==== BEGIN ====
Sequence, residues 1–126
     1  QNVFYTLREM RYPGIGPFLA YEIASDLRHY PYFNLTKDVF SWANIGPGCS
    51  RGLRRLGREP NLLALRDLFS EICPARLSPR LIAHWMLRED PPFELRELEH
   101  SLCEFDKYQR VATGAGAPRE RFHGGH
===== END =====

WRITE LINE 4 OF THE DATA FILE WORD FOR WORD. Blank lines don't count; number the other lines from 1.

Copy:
   101  SLCEFDKYQR VATGAGAPRE RFHGGH